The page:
“Dave” is not a reference***. Not without a surname, not without a job title, not without his relation to you. Equally, “my PublishAmerica book” is not a publication credit. With a job, you really have to provide references, but with a submission you don’t need a credit. A bad credit does you fewer favours than no credits at all, since it suggests you aren’t treating the process professionally. There’s nothing wrong with being brand new. There is something wrong with announcing to all and sundry you don’t have the faintest idea what you’re getting in to. If you make up credits, remember that most editors have access to Google. If you claim to have won the Nebula and haven’t, they’ll know. If you claim to have won Super Shiny New Writer Award That Doesn’t Exist, they’ll know. It doesn’t make you look good.

With references, this may be your first job, but you can usually rustle up a couple of teachers, or somewhere you volunteered, or if you’re really desperate a friend of the family. Whatever you do, write on the application how you know this person, and if it’s not clear why they can offer a good, unbiased reference. Your mate Dave will not offer an unbiased reference. Not even if you decide to claim he’s not a mate but a manager. Not even if you claim he works for Google and look how relevant that is to you wanting to be an IT Assistant. They will call. They will ask for Dave. They will rumble you, and they won’t hire you.

In conclusion, don’t lie.

4. Spellcheck.

And get someone to proofread it. “Humane Resources” they are not, alas. Anyone will overlook the odd typo (unless it’s a copyediting job!), but if there’s a lot of them, or the errors are consistent (I still need spellcheck to turn gaurentee into guarantee every single time, but I know it and I don’t let the word escape unchecked) then it’s going to cast doubts on your application/submission. If you’re dyslexic or English isn’t your first language, get a friend who can spell to proofread your application/submission. Spellcheck won’t catch every mistake, and it won’t catch misused words.

We’re in the midst of a recession. Hundreds of people are applying for every job, even menial ones, even ones they’re completely unsuited for. If you were presented with two hundred forms, how would you start weeding them out? Three quarters of employers are put off by bad spelling and grammar, which is even more than those put off by CV exaggerations. If I had two hundred forms in front of me, the weeding process would be (a) didn’t follow instructions, (b) can’t write and (c) not qualified. It may not be the best order, but it’s the fastest. (a) doesn’t even require you to read the form and (b) only requires you to skim it. You can cut that two hundred down to fifty in half an hour. Anyone who’s ever worked in HR will know why that’s important.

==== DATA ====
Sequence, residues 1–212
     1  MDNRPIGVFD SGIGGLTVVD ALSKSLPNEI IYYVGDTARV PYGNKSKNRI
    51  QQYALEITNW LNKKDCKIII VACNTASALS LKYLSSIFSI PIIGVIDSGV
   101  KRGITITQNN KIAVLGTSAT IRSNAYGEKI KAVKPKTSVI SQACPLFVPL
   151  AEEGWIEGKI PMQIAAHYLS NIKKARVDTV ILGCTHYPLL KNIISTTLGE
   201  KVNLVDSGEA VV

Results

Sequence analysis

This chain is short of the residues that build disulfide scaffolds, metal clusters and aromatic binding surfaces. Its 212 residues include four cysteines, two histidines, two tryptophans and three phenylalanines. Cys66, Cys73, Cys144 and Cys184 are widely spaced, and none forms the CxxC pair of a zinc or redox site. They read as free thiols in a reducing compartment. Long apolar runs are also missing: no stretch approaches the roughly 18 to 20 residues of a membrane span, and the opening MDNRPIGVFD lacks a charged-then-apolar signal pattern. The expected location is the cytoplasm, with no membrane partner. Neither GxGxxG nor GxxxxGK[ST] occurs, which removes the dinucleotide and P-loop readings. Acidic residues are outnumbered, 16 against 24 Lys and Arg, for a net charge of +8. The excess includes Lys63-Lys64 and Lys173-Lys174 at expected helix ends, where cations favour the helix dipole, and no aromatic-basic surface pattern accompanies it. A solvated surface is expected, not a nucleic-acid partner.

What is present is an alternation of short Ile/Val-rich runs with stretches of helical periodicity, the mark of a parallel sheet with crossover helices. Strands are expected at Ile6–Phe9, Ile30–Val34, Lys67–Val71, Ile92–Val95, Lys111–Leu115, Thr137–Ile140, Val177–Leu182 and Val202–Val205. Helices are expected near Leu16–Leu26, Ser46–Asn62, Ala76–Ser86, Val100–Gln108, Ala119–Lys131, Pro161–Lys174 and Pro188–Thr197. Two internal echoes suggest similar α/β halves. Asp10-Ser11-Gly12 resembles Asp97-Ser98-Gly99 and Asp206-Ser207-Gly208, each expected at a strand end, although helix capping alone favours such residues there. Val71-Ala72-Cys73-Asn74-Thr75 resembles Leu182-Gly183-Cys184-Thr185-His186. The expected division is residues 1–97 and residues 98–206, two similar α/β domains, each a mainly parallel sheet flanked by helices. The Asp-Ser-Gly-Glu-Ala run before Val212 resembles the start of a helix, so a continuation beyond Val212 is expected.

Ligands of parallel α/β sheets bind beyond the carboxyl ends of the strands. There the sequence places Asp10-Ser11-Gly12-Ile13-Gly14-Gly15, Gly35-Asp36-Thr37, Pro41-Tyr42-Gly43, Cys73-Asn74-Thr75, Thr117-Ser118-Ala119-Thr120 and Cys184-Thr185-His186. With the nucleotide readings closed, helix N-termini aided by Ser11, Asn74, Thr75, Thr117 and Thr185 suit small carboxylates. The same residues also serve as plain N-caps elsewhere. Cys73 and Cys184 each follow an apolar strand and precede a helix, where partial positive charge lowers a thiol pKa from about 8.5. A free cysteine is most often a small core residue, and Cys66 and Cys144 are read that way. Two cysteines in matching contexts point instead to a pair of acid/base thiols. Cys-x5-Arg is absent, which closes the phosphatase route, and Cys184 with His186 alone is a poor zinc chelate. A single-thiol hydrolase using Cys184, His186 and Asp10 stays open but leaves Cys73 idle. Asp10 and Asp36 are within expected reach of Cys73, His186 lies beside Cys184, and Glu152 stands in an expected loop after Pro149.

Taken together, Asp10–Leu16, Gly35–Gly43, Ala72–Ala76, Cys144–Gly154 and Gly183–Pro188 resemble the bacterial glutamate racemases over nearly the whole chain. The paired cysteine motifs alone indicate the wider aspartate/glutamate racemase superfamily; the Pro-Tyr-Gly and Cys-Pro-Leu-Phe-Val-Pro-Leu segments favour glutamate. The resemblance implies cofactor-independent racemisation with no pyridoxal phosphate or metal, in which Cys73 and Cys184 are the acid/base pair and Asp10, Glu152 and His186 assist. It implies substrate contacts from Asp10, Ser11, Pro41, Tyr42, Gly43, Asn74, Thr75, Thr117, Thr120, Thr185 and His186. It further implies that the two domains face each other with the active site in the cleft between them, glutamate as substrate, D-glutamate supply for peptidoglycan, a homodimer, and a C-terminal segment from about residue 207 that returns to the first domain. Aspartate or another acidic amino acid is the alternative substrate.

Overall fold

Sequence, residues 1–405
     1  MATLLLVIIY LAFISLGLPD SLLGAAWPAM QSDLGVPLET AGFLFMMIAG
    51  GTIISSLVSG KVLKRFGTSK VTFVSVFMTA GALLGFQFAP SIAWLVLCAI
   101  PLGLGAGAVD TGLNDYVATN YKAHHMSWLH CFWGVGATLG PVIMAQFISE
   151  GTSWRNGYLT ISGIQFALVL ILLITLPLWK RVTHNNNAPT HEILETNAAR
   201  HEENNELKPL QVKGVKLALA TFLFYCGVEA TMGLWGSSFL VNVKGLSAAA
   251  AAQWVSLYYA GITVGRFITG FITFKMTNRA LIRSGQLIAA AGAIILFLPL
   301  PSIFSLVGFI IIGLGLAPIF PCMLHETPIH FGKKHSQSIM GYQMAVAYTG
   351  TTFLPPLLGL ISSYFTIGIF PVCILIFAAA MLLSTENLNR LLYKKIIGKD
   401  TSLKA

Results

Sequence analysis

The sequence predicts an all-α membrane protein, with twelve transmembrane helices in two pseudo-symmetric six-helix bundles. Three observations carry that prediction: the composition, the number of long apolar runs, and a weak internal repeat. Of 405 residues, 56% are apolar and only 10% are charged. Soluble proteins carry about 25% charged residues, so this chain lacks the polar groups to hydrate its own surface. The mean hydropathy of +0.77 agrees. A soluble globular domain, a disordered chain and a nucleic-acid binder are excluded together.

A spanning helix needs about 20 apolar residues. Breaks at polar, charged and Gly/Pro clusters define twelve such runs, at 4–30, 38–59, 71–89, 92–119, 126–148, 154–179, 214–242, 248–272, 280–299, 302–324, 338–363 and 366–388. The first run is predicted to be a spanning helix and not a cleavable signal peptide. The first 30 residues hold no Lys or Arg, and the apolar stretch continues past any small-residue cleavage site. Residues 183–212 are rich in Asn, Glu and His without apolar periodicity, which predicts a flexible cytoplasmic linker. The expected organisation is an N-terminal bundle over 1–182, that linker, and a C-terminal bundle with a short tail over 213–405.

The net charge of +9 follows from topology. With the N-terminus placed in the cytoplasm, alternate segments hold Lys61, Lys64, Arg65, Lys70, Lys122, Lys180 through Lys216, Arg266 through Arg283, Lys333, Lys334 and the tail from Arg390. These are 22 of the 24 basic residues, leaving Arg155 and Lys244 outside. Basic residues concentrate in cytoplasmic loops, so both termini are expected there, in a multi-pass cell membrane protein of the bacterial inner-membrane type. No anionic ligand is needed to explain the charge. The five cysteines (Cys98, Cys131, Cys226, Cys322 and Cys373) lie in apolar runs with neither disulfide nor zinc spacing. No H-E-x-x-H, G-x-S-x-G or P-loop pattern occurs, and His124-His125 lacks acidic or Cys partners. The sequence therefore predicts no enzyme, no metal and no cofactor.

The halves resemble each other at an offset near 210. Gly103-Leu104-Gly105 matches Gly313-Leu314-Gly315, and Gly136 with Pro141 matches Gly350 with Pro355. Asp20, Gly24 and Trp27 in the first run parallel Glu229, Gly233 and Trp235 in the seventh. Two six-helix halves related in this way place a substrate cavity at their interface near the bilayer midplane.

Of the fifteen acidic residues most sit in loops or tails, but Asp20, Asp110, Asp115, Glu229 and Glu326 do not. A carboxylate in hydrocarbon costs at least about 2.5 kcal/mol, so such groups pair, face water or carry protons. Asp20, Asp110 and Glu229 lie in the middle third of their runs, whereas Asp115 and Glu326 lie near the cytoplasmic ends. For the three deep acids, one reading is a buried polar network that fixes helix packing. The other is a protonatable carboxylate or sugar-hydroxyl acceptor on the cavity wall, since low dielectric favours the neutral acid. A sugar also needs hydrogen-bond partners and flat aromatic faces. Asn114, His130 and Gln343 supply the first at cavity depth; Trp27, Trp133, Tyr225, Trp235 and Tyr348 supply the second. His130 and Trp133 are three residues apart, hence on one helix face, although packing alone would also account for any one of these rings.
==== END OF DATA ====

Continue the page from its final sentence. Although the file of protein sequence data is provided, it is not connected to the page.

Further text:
As for writing, why on earth would anyone accept a writer who hasn’t got the most basic of basics sorted?

5. Use some common sense.

If you’re submitting to an ePub, a hardcopy submission is inconvenient for both you and them. If you’re applying to work in IT, a handwritten application probably isn’t showcasing your skills to the best of your ability.

Just a thought.

*Never just “Dear Sir”. Knowing the person addressing me thinks it’s still the 1950s does not make me look kindly on them.
** It’s never just you. I know you think it is, and you think they won’t mind one person getting it wrong, or it’ll make you stand out, but trust me, it’s not just you. And when it happens every day, several times a day, from big businesses and individuals alike, you’re all getting tarred with one big, black, sticky brush. Especially if you only put the address and not the business name. Gotta tell you how much I love getting letters intended for magistrates at the Crown Courts next door. That’s really not doing yourself any favours…
*** Name changed to protect the innocent. No, really, true story